The Campbell Report
Hard Chess
with USCF Senior Master Mark Morss
(4) Wilson - Morss [A82]

A couple of years ago I added the Leningrad Dutch to my repertoire, and soon enough I found myself with the black pieces against the very same Staunton Gambit that I as White had abandoned. My opponent in this encounter was USCF Master Jeff Wilson of Hoffman Estates, Illinois, a suburb of Chicago.

1.d4 f5 2.e4 fxe4 3.Nc3 Nf6 4.f3 d5 5.fxe4 dxe4 6.Bg5 Bf5 7.Bc4 Nc6 8.Nge2 Qd7

8...e5?! is well met by 9.0-0.

9.0-0 e6 10.Qe1 0-0-0 11.Rd1 Na5 12.Bb3

12.Bb5 c6 13.Ba4 Nc4 14.d5 (14.Bb3 Nxb2 15.Rb1 Nd3 is very complicated, but I think Black is better, for example 16.cxd3 exd3 17.Ng3 Qxd4+ 18.Rf2 Bc5 19.Rbb2 Ng4!) 14...Bc5+ 15.Kh1 was played in Schultz-Wille, Germany 1957. I don't care for White's chances.


Schiller and Colias, in How to Play Black against the Staunton Gambit, say, "The immediate response [to 12. Bb3] should be 12...Be7 , since Black's light-squared bishop isn't going anywhere, and Black can afford to finish development before taking on b3." But I disagree. After 12...Be7 White can compel the return of the pawn, with a more or less even game.


A) 13...Nc6 14.Bxf6 gxf6 (14...Bxf6 15.d5) 15.d5 Bc5+ 16.Kh1 and White is better;

B) 13...c6 14.Nxe4 Nc4 15.Nxf6 gxf6 (or 15...Bxf6 16.Bxf6 gxf6 17.Qc3) 16.Bc1 Rhg8 17.Bb3 and the game looks roughly even to me.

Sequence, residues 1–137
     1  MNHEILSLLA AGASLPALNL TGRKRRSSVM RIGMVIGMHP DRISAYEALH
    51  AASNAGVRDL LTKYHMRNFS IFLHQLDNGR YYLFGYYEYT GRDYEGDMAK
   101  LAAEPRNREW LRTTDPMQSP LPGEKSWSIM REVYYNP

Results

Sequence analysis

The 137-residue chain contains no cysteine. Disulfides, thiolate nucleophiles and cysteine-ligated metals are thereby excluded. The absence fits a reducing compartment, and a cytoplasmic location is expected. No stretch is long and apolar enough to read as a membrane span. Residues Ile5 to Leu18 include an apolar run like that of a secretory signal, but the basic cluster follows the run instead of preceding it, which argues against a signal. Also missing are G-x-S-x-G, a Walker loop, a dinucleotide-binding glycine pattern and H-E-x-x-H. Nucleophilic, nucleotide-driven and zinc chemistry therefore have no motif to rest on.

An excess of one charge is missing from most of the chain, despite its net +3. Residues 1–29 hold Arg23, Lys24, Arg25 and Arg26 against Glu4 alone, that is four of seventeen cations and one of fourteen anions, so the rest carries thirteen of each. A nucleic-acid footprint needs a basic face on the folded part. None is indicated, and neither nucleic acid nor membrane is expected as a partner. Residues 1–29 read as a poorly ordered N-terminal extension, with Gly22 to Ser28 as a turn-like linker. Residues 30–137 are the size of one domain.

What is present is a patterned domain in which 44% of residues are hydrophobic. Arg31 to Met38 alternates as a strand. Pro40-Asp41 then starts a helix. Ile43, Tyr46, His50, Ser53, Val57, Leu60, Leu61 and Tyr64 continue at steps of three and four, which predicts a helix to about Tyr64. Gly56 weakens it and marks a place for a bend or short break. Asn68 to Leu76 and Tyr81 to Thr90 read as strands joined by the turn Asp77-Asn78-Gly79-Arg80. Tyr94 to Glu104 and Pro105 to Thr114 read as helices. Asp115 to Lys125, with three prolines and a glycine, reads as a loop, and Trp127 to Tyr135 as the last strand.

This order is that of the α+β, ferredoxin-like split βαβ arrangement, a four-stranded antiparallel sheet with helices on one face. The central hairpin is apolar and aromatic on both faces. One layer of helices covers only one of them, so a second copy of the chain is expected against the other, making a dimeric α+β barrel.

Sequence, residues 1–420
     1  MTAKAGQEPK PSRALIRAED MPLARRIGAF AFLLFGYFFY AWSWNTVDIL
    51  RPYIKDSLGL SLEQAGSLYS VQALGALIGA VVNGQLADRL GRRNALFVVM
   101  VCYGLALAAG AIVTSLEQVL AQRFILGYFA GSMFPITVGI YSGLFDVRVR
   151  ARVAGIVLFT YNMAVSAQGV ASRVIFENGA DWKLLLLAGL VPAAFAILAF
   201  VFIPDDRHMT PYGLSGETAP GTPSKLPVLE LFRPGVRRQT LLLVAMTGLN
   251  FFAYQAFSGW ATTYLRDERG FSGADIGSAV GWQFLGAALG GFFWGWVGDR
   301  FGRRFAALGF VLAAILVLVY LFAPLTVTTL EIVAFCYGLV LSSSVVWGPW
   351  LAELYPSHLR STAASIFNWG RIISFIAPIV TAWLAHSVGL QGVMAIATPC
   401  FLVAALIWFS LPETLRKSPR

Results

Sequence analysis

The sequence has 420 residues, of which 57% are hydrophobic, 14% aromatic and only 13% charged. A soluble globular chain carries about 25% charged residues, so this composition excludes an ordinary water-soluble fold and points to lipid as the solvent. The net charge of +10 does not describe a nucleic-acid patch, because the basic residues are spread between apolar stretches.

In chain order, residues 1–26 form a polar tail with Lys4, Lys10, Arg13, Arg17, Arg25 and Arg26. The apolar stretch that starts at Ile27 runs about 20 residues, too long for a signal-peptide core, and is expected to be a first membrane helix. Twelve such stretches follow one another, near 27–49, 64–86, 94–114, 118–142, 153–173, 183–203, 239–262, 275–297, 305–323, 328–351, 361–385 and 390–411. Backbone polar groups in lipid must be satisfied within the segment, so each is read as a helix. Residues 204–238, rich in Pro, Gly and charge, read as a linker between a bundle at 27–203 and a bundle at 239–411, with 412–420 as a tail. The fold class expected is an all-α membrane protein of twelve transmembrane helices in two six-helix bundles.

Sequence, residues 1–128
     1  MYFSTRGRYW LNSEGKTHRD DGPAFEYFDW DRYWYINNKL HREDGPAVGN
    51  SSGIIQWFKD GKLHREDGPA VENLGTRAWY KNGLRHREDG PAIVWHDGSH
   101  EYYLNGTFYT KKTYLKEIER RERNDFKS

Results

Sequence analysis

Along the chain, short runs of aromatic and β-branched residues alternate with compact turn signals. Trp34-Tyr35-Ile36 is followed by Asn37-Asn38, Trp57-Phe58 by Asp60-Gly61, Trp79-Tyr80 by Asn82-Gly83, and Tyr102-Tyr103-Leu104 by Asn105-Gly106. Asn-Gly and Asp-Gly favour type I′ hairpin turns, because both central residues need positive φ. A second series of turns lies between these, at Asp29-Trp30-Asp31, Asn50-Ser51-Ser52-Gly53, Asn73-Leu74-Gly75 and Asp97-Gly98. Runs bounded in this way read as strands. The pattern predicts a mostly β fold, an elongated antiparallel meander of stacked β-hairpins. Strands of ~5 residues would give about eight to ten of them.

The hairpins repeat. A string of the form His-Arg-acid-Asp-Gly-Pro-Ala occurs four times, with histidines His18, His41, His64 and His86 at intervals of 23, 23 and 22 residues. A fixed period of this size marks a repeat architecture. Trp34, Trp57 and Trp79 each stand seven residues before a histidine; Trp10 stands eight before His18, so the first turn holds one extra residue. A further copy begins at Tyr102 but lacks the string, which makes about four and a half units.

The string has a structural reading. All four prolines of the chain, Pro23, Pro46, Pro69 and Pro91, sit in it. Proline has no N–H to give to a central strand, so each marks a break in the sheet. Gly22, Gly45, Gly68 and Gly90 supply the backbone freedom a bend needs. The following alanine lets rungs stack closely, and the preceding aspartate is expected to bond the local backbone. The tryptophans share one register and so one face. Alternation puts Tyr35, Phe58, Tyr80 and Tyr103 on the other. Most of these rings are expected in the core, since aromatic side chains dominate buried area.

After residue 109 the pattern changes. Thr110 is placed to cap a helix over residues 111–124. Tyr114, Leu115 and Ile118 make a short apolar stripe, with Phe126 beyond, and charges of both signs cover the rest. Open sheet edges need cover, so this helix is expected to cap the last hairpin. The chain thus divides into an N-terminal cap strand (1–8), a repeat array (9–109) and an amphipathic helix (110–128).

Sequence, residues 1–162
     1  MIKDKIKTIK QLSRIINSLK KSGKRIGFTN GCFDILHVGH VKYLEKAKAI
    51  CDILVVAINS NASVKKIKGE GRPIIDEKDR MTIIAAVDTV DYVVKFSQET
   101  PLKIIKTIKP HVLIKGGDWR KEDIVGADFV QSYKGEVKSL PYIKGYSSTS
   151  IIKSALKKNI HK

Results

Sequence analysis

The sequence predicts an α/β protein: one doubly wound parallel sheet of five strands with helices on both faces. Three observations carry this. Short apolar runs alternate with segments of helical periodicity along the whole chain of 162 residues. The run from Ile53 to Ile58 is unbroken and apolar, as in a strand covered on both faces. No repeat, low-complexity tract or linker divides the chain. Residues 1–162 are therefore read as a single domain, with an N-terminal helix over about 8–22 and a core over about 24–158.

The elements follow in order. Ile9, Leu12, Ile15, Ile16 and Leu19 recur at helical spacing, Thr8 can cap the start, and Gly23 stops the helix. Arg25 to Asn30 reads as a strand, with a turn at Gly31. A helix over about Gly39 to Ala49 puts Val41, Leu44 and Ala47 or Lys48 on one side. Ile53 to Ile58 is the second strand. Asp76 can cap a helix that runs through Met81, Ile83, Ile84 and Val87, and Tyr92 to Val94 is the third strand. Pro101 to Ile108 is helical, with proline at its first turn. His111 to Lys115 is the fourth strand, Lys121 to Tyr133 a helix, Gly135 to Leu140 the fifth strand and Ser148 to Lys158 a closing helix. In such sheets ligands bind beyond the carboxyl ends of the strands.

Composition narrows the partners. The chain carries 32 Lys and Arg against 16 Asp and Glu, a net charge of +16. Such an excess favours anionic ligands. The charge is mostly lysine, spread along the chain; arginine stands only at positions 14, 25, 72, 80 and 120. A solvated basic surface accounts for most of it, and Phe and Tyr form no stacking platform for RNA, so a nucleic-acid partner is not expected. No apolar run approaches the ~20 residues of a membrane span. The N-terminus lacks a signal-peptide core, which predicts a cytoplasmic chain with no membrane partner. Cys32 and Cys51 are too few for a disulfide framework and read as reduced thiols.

13.axb3 h6

Black is entirely willing to invest a tempo in the opening of the g-file, should White decide to exchange on f6. If White retreats the bishop, Black will have some initiative.

13...Be7 as played in Morss-Ilosvay is also a good move, but I wasn't sure about how to evaluate 14.d5


14.Bh4 Bd6;
14.Bf4 Nd5


I was aiming here for simplification, which I believe favors Black in this position. It's difficult now for White to avoid the next series of exchanges.

15.Ng3 Bd6 16.h3 Nxe3 17.Qxe3 Bxg3 18.Qxg3 Qc6

Diagram h
Game position after 18...Qc6

c6 is a good post for the queen in the Staunton with 4. f3 d5, defending the e4 pawn and the queenside, and eyeing c2.

Black has the advantage in the diagrammed position, for if White invests the time necessary to win the e4 pawn, Black will be able to stir up an initiative. But White has little choice, since not enough wood remains to mount a convincing queenside attack.

18...e3?! 19.d5 Bxc2 20.Rc1 Bd3 (20...Bxb3? 21.Nb5) 21.Rfd1 Ba6 22.Qxe3 favors White.

19.Qe3 Rd6

Black piles up on d4.

20.Rfe1 Rhd8 21.g4?

It would have been much better to take the e-pawn immediately. This move exposes White's kingside pawns in the coming ending.

21...Bg6 22.Nxe4 Qxe4 23.Qxe4 Bxe4 24.Rxe4 c5 25.c3 cxd4 26.Rdxd4

White wisely decides to play a single rook and pawn ending, maximizing his drawing chances. He exchanges his least active rook.

The king and pawn ending after 26.Rexd4 Rxd4 27.Rxd4 Rxd4 28.cxd4 Kd7 is won for Black.

26...Rxd4 27.cxd4 Kd7

Diagram i
Game position after 27...Kd7

Black has the better pawns, the more active king, and, with ...Rc8 soon to be played, the more active rook -- a good recipe for a win.

28.Kf2 Rc8 29.Rf4 Rc2+ 30.Ke1 Ke7 31.Re4 Kd6 32.Rf4

White's rook moves look desperate, but his chances for a draw depend on finding activity for his rook.

32...Rxb2 33.Rf7 Rxb3 34.Rxg7 a5

White's rook finds its activity, but it's very tough for White now that Black has connected, passed pawns.

35.Kd2 a4 36.Kc2 b5 37.h4 Rh3 38.Rb7 Kc6 39.Re7 Kd5

Not all rook and pawn endings are drawn.


Copyright © 1999 by Mark F. Morss

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